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Tech & Science 'Puzzling' Virus Found In Brazil Has Genetic Material Not Seen In Anything Else

01:47  12 february  2020
01:47  12 february  2020 Source:   gizmodo.com.au

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Scientists in Brazil have discovered a virus which appears to be almost entirely new, consisting of unrecognizable genes that have been, until now

The findings of a new virus by Brazilian researchers have ' puzzled ' the scientific community, consisting of unrecognizable genes , a new study revealed The "mysterious" virus was discovered in amoebas in an artificial lake in Brazil has been considered the world's smallest lifeforms, because

Various images of Yaravirus under an electron microscope (Image: Boratto, et al, bioRxiv)© Image: Boratto, et al, bioRxiv Various images of Yaravirus under an electron microscope (Image: Boratto, et al, bioRxiv)

Scientists in Brazil say they’ve made a mysterious discovery. They claim to have found a virus made of genetic material never before seen elsewhere. But you likely have nothing to fear from this virus: It seems to only hunt amoebas.

The find is detailed in a paper released last month on the preprint website bioRxiv. Research showcased on bioRxiv hasn’t yet gone through peer review, and the data on the virus’s genetic structure, or genome, hasn’t been made public yet. This doesn’t mean the findings aren’t legitimate (nor does something being peer reviewed mean it’s definitely “true”), it just means a little more scepticism is warranted upfront.

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Although the newly uncovered virus was found to belong to the amoeba class, 90 percent of its genes are The find is all about "a new lineage of amoebal virus with a puzzling origin and phylogeny", the "Most of the known viruses of amoeba have been seen to share many features that eventually

Viruses are found wherever there is life and have probably existed since living cells first evolved Although they have genes , they do not have a cellular structure, which is often seen as the basic unit of life. The genetic material (typically single-stranded RNA, but ssDNA in some cases) is bound

According to the paper, the DNA-based virus was found in amoebas living in the muddy waters of an artificial lake in the town of Belo Horizonte, Brazil, called Pampulha. The early name given to the virus—Yaravirus brasiliensis—is a reference to Yara, an important mythical figure among the indigenous tribes that once resided in Brazil, the authors wrote.

They were unable to find any likely relatives to Yaravirus after searching publicly available databases of viruses. And when they dug deeper, they found that more than 90 per cent of its genes had never been documented before or had any connections to other known genes. Genes with no known evolutionary history are called ORFan genes in microbiology (pronounced orphan), potentially making Yaravirus an almost entirely orphan microbe.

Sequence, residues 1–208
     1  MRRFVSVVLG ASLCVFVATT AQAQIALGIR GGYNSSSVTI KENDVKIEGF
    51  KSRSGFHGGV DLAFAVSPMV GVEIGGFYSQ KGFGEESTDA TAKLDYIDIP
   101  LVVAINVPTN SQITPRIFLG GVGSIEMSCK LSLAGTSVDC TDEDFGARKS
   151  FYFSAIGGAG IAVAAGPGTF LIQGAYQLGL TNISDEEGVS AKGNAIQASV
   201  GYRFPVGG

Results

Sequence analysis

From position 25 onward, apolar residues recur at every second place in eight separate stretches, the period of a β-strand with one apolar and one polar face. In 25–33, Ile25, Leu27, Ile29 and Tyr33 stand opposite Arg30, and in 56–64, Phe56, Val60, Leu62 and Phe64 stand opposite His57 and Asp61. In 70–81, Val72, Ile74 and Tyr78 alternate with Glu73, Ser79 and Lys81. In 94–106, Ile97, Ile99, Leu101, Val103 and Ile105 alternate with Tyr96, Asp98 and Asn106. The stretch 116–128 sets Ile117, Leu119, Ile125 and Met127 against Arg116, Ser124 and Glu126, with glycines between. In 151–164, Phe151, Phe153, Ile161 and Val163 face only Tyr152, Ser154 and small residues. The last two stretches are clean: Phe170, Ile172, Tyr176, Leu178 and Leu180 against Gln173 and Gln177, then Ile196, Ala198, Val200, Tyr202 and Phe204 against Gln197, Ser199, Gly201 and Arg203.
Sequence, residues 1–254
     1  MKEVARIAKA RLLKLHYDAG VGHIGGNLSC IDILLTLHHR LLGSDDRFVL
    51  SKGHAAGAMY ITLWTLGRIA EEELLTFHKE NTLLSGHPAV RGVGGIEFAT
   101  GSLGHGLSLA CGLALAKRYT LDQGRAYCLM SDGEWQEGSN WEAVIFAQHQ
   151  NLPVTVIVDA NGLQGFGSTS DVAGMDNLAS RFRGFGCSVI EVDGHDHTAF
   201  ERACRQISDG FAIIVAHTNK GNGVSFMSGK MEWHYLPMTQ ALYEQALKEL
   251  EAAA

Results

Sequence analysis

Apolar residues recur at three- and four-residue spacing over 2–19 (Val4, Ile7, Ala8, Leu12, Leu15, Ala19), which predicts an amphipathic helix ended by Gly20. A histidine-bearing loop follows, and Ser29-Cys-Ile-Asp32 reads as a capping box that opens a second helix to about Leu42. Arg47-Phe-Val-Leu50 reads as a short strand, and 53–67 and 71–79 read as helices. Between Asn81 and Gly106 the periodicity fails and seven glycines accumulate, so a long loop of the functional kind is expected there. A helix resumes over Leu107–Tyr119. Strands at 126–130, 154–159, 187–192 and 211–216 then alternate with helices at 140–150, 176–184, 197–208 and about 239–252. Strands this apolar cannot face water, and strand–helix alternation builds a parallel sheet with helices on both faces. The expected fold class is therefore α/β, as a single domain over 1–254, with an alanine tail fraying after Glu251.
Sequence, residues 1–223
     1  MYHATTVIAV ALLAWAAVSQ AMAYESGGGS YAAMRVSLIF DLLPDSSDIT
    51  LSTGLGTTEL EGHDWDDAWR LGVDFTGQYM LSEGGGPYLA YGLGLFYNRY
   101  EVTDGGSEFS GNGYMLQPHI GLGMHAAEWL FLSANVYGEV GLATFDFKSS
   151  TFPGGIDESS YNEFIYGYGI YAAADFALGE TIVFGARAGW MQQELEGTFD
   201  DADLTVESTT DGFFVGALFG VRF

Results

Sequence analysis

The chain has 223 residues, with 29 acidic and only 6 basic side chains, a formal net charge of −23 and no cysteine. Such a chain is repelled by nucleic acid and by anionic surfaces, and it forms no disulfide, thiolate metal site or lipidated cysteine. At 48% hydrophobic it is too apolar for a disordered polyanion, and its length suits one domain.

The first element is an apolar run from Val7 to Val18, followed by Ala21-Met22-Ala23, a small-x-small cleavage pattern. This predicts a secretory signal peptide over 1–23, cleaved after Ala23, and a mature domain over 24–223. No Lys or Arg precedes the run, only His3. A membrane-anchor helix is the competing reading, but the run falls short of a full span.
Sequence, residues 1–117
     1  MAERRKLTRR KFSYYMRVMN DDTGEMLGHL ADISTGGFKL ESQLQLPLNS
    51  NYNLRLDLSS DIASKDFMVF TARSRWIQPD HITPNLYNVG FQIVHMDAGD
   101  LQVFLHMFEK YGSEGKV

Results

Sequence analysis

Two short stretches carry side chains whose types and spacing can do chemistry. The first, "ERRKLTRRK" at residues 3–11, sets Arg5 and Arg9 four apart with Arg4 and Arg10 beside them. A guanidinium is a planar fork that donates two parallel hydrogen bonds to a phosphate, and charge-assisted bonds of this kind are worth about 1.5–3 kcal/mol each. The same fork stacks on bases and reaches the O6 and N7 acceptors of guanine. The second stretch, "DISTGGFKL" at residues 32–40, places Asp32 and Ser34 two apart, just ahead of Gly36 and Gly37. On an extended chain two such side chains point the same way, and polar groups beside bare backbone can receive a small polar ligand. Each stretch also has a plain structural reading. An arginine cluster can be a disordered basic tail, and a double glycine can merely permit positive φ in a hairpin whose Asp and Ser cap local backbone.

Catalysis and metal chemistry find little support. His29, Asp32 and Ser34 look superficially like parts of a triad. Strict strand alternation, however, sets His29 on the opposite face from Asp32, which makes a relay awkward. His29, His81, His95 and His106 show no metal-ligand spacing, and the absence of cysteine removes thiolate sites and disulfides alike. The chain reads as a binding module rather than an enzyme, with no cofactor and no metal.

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Recent genetic studies have demonstrated differences across populations not just in the genetic determinants of simple traits such as skin color This study has been joined by others finding genetic predictors of behavior. If scientists can be confident of anything , it is that whatever we currently

Today viral genes continue to produce a variety of mysterious proteins in the body. But sometimes these viral genes manage to switch on anyway. In many kinds of tumor cells, for instance, scientists find proteins produced by endogenous retroviruses.

“Here we report the discovery of Yaravirus, a new lineage of amoebal virus with a puzzling origin and phylogeny,” the authors wrote.

Scientists have found all sorts of viruses living inside amoebas, the usually single-celled lifeforms that move using finger-like projections from their body.

These viruses have all been much bigger, genetically speaking, than the viruses that infect plants, animals, and people, leading to their classification as giant viruses. Giant viruses aren’t just bigger—they’re much more complex, allowing them to do things other viruses typically can’t do. Where in the history of life these viruses arose, including whether giant viruses could represent close relatives to the ancestor that gave rise to all viruses, is still unknown.

The researchers behind this new paper had previously discovered another group of giant viruses, called tupanviruses. But to make things even weirder, Yaravirus is far too small to be a giant virus, heightening the mystery of where exactly it came from. Provided the researchers are correct in their analysis, that could mean Yaravirus is either a very strange member of the giant virus family or the first known virus of its kind.

In any case, the authors wrote, the discovery “reflects the variability existing in the viral world and how much potential of new viral genomes are still to be discovered.”

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